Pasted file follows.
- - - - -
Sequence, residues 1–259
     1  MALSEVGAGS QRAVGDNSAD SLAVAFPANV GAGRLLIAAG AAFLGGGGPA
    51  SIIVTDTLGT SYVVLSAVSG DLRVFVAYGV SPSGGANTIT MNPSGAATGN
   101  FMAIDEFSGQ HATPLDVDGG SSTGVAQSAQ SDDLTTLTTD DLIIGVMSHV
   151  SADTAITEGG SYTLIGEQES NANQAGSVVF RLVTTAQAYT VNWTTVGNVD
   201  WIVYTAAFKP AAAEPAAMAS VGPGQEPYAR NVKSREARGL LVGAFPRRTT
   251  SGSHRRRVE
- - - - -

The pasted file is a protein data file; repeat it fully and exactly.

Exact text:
Sequence, residues 1–259
     1  MALSEVGAGS QRAVGDNSAD SLAVAFPANV GAGRLLIAAG AAFLGGGGPA
    51  SIIVTDTLGT SYVVLSAVSG DLRVFVAYGV SPSGGANTIT MNPSGAATGN
   101  FMAIDEFSGQ HATPLDVDGG SSTGVAQSAQ SDDLTTLTTD DLIIGVMSHV
   151  SADTAITEGG SYTLIGEQES NANQAGSVVF RLVTTAQAYT VNWTTVGNVD
   201  WIVYTAAFKP AAAEPAAMAS VGPGQEPYAR NVKSREARGL LVGAFPRRTT
   251  SGSHRRRVE